Workers in the technology industry are some of the happiest overall, and why shouldn't they be? With their high salaries, enviable perks, and jobs that really are changing the way the world works, tech workers are a lot better off than workers in struggling industries.
In the latest quarterly CNBC|SurveyMonkey Workplace Happiness Survey, a full 90% of tech workers say they are very or somewhat satisfied with their job. Of course, true happiness is complex, but on five measures meant to comprise a fuller picture of job satisfaction — pay, opportunity, autonomy, recognition and meaning — technology workers' responses either exceed or match the averages across all industries, sometimes by double-digit percentage points.
Compared with all workers, tech workers say they are better paid (81% vs. 73%), they have better opportunities to advance their careers (70 vs. 59%), and their contributions are valued more often (88% vs. 81%).
The survey was conducted Oct. 14–20, 2019, among a national sample of 8,155 workers in the United States. Data have been weighted initially for age, race, sex, education, and geography using the Census Bureau's American Community Survey to reflect the demographic composition of the United States age 18 and over, then weighted for age, race, sex, education, employment status, and geography using Census Bureau's Current Population Survey to reflect the demographic composition of United States employed population.
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These are great results, and tech leaders should be proud that they're raising the bar in terms of workplace happiness. But pick up a newspaper or scroll through social media, and for every positive story about tech companies expanding their paternity leave policies or offering their employees time off to volunteer you can find an even more negative story about tech workers' incredible stress or gender discrimination.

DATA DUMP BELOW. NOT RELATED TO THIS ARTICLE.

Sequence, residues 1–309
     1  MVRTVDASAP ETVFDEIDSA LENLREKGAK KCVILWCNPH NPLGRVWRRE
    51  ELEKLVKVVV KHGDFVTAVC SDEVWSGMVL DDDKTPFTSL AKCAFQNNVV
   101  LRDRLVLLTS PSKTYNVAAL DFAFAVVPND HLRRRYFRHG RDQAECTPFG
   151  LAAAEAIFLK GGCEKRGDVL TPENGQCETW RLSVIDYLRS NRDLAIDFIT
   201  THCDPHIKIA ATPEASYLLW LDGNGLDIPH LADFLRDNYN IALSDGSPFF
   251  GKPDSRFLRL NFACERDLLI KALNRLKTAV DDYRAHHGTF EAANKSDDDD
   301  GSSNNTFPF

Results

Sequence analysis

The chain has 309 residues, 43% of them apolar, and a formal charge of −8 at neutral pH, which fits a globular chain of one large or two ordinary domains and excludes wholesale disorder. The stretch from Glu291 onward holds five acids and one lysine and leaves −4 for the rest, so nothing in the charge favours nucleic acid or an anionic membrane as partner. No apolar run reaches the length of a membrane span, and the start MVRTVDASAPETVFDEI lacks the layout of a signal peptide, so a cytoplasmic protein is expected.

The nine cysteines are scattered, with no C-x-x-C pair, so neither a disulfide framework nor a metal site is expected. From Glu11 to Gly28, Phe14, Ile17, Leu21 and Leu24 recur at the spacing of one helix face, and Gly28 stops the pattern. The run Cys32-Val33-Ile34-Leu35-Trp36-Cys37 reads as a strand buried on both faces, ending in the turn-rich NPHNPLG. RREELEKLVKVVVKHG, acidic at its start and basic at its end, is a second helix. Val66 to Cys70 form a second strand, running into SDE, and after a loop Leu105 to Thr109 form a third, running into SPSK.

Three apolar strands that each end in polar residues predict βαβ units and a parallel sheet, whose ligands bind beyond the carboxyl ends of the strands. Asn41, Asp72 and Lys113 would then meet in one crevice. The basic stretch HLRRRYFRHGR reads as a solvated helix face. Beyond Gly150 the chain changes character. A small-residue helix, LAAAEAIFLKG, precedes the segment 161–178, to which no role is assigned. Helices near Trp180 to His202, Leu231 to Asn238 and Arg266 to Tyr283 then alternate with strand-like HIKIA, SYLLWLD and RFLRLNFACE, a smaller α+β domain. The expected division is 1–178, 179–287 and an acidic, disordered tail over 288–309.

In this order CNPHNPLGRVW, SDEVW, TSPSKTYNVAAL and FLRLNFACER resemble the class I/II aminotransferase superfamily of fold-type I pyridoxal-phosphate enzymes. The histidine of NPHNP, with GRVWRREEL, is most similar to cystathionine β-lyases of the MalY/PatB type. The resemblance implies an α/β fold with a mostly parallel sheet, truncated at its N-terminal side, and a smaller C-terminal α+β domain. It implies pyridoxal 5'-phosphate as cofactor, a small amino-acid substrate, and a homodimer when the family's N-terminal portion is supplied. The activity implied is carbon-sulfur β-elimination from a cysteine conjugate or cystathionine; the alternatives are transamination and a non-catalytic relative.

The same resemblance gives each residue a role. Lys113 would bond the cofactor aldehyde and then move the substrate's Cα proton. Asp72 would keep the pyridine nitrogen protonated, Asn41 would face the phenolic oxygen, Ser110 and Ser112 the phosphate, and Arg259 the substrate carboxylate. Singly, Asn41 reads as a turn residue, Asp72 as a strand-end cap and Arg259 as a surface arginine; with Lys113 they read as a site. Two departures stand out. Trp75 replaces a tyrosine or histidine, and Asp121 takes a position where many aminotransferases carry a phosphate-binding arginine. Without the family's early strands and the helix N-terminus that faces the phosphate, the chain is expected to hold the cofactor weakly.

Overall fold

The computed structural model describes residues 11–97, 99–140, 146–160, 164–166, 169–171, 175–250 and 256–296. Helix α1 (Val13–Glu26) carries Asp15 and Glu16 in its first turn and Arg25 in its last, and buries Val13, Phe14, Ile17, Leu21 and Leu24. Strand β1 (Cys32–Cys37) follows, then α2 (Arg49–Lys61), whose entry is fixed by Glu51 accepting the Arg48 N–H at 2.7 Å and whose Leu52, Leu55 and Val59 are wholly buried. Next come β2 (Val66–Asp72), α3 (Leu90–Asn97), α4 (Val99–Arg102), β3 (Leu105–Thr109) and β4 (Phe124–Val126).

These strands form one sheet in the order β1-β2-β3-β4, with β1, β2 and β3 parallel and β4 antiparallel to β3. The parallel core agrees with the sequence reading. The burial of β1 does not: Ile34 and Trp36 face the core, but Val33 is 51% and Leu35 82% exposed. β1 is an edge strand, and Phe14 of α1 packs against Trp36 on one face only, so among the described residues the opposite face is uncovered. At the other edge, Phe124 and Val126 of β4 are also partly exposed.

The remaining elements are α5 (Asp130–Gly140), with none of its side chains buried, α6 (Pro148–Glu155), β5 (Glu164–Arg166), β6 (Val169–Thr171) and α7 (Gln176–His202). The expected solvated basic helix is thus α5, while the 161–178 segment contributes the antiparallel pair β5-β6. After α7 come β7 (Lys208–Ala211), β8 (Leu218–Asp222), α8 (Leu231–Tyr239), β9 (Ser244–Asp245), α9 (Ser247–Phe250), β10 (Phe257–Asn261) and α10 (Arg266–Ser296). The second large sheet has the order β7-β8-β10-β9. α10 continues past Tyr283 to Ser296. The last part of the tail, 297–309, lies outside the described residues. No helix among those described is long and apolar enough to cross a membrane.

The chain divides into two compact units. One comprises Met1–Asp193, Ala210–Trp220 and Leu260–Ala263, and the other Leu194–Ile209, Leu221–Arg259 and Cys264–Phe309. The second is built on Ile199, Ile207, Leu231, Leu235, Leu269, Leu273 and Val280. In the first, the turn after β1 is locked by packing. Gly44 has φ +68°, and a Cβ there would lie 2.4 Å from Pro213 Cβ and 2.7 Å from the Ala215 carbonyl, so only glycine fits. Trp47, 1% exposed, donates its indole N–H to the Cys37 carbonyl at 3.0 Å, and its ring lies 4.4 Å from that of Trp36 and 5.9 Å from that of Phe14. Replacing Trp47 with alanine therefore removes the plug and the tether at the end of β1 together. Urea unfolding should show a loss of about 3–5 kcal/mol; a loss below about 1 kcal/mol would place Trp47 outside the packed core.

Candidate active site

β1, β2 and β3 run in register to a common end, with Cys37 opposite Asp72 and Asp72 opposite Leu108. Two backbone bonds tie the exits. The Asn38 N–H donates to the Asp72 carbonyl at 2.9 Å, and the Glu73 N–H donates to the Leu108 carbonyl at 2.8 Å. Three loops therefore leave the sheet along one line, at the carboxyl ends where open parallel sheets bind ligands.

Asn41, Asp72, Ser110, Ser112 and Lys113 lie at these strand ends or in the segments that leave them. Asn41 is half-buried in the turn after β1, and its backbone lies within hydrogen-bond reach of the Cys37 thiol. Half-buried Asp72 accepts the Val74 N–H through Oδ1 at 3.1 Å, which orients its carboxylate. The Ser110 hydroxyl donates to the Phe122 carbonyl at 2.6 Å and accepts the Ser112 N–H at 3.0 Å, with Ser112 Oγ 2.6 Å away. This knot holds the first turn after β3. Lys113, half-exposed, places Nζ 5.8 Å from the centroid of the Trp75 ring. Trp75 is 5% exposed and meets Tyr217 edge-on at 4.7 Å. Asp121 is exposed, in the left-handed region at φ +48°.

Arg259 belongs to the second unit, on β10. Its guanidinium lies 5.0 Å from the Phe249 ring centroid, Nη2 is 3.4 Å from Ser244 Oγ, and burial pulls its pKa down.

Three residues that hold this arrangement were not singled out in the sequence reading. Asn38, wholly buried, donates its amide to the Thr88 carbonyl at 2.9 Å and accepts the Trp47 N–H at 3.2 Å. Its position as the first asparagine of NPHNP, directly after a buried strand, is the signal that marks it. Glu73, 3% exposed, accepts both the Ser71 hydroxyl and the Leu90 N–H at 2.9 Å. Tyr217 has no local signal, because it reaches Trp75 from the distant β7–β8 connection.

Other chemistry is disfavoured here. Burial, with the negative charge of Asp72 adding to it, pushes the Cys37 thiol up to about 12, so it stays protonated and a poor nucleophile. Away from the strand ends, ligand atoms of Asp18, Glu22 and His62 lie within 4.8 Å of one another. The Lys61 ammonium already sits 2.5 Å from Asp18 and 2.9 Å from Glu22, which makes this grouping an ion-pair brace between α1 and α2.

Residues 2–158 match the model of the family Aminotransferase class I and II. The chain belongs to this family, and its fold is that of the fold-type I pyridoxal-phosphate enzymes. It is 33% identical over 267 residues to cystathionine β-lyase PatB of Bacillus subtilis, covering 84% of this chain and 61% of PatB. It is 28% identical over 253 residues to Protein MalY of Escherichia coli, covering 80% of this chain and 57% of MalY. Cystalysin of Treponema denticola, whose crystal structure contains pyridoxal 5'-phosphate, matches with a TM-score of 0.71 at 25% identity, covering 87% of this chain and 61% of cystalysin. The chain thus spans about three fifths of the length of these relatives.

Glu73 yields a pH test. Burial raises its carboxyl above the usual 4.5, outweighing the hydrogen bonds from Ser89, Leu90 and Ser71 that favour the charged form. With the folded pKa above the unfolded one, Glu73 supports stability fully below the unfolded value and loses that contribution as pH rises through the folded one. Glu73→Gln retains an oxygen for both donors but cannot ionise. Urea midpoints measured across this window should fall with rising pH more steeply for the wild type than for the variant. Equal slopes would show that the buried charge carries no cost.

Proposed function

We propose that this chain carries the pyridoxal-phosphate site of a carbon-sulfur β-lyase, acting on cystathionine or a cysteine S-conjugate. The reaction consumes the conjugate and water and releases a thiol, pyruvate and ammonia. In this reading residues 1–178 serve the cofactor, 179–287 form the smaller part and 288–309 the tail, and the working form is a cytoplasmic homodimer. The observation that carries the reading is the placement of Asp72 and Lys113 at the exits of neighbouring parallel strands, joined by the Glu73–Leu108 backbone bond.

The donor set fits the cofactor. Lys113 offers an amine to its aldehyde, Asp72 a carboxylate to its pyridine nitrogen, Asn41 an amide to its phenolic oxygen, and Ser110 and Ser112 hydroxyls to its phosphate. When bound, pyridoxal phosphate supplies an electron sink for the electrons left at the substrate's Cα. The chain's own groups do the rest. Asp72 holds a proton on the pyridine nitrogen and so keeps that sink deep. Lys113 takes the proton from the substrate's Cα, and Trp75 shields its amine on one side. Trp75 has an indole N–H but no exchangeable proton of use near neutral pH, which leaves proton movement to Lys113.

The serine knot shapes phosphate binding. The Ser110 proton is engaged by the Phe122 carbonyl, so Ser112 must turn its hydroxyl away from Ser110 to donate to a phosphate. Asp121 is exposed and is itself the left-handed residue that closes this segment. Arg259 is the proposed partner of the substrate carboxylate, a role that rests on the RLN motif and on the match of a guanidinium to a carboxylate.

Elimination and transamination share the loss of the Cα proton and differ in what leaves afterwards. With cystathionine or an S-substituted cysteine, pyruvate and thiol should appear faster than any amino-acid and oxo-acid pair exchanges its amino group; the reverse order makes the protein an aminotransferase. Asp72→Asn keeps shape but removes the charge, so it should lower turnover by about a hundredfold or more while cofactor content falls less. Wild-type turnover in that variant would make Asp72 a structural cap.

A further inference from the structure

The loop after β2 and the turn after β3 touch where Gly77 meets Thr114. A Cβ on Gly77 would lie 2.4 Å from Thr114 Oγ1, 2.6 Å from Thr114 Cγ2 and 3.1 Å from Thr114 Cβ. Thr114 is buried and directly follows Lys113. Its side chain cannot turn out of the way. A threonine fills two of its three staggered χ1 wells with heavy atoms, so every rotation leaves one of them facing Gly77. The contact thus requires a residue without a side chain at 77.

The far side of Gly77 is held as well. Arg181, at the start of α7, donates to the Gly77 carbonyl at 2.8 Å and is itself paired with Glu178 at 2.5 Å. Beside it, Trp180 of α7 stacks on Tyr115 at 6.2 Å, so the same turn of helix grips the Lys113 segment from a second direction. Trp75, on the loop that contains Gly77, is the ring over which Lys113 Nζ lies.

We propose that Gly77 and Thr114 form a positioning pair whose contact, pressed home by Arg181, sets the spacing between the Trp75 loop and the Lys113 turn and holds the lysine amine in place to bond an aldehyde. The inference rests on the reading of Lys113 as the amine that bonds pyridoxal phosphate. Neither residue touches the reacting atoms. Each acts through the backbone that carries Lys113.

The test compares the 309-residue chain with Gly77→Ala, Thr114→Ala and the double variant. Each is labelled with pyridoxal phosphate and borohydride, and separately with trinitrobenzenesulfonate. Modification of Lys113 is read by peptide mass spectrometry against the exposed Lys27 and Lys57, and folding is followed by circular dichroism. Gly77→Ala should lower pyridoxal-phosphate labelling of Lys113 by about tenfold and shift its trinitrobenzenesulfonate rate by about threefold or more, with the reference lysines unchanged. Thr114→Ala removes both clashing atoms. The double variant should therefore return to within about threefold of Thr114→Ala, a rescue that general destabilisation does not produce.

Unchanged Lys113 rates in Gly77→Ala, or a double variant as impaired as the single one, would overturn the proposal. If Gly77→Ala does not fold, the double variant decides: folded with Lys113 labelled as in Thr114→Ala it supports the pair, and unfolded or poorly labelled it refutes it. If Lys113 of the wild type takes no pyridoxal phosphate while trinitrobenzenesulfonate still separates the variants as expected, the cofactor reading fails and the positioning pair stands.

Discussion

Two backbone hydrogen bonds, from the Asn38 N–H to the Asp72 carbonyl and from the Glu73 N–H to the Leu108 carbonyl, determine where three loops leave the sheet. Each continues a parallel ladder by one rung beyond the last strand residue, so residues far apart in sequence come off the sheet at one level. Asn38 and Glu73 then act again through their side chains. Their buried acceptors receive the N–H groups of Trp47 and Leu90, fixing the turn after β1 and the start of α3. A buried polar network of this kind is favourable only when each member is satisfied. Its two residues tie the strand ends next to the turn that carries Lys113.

There's a lot that tech gets right when it comes to treating their employees well at work, but big gaps remain. The truth is that the technology industry is neither the angel it portrays itself to be nor the devil that some claim.
In most industries, workers without college degrees have lower measures of workplace happiness than those with diplomas. The best jobs—the ones that pay well and that have clear paths for promotion—typically require at least a bachelor's degree, and that shows in the survey results.
In the combined three CNBC|SurveyMonkey Workplace Happiness surveys of 2019, with a total of more than 24,000 workers across the country surveyed, 76% of workers with a college degree say they are very or somewhat well paid for the work they do compared with 71% of workers without a college degree who say the same. Even more notably, 86% of workers with at least a college degree say their contributions are valued by their colleagues, six points higher than the response among those without a college degree.
That's not true in tech. Relative to tech workers with a bachelor's degree or more, tech workers without a college degree are slightly more likely to say they're satisfied with their job (89% vs. 86%), equally likely to say they're well paid (81% each), and equally likely to say their contributions are valued (88% each).